Ensuring Inclusive Summer Camps for Children with Disabilities

Summer camps are reminded to accommodate children with disabilities under federal law.

In Nashville, U.S. Attorney Henry C. Leventis has issued a reminder to summer camps across Middle Tennessee about their legal responsibility to accommodate children with disabilities. This initiative aims to promote inclusivity and ensure that children with disabilities have the same opportunities to participate in summer camp activities as their non-disabled peers.

As summer draws near and parents start planning activities for their children, the U.S. Attorney’s Office took proactive steps by distributing a letter and a flyer to numerous summer camps within the Middle District of Tennessee. These materials underscore the requirements set forth by the Americans with Disabilities Act (ADA), which mandates that both privately operated and municipal summer camps make reasonable adjustments to allow children with disabilities to fully engage in camp programs and activities.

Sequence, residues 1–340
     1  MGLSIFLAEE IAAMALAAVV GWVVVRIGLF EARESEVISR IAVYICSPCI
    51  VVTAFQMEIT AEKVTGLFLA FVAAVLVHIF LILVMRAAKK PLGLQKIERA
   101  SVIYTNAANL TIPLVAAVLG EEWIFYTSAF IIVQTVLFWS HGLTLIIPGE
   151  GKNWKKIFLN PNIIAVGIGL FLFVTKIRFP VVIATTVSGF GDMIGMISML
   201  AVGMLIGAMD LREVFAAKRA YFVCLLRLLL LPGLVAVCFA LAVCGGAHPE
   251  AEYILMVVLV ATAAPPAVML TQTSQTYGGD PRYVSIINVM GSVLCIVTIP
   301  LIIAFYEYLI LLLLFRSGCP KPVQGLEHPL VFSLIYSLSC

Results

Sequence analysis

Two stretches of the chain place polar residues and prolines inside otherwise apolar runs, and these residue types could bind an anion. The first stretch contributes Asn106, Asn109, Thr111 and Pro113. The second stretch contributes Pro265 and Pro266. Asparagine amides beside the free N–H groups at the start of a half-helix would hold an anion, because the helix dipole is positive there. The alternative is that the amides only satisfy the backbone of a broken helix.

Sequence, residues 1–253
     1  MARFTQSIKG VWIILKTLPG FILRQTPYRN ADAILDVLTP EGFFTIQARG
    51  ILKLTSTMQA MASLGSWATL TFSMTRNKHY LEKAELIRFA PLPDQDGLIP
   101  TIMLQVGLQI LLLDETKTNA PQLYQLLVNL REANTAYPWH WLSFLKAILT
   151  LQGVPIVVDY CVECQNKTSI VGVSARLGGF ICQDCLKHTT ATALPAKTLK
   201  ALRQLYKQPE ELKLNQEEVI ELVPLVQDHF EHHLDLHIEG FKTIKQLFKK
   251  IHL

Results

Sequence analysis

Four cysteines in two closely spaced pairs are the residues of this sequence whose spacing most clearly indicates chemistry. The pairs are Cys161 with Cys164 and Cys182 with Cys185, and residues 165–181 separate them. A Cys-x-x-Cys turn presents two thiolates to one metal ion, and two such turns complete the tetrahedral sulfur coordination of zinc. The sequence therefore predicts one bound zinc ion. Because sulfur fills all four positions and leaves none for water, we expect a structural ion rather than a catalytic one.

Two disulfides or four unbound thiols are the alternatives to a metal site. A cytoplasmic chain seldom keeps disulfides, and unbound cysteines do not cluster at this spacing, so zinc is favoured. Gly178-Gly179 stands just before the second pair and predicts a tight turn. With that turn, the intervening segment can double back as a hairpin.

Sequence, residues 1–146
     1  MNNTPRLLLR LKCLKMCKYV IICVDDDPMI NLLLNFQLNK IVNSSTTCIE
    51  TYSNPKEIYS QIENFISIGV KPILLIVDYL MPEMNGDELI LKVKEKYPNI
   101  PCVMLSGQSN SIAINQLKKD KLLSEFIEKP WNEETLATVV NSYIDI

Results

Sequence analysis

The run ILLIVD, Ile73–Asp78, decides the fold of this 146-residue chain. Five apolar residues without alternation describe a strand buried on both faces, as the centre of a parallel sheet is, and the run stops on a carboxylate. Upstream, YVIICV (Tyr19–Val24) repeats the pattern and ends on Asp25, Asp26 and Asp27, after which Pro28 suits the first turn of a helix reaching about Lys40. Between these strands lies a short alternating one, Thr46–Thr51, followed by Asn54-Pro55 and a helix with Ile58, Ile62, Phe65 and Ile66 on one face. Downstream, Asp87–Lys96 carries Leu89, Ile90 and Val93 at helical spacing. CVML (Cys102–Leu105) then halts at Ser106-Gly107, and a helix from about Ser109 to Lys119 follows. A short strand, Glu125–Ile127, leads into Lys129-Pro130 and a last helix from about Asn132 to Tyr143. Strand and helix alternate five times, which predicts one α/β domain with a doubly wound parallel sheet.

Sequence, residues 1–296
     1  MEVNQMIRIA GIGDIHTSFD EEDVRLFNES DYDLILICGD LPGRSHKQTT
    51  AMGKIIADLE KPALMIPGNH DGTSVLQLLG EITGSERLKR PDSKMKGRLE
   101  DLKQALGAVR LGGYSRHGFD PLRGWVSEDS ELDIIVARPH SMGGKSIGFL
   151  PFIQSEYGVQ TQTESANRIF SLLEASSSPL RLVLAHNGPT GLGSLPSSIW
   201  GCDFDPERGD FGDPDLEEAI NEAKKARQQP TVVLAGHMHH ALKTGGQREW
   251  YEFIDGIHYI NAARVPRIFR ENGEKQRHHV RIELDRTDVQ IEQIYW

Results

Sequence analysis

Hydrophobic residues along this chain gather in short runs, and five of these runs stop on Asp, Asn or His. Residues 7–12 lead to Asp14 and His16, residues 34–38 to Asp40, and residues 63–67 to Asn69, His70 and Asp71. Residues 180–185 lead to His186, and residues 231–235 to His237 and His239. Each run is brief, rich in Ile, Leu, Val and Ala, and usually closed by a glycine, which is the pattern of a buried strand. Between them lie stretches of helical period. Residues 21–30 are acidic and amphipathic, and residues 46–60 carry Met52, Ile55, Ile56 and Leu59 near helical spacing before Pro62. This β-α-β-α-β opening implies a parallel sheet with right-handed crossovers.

The ADA establishes that children with disabilities have the right to attend any camp that is available to non-disabled children. This involves evaluating each child’s needs on an individual basis and ensuring that camp staff are adequately trained on the ADA’s requirements. Furthermore, the legislation stipulates that the costs associated with any necessary modifications for disabled children to participate should be covered by the camps, and that parents should not face any additional fees beyond the standard enrollment costs.

U.S. Attorney Henry C. Leventis emphasized the significant benefits that summer camps offer children, including the chance to learn independence, explore new interests, and build self-confidence. He highlighted that children with disabilities deserve the same opportunities for growth and development as their peers, which is not only the right approach but also a legal obligation.

For further details about the ADA and the responsibilities of summer camps, individuals are encouraged to visit www.ada.gov.

Source: Read Original Release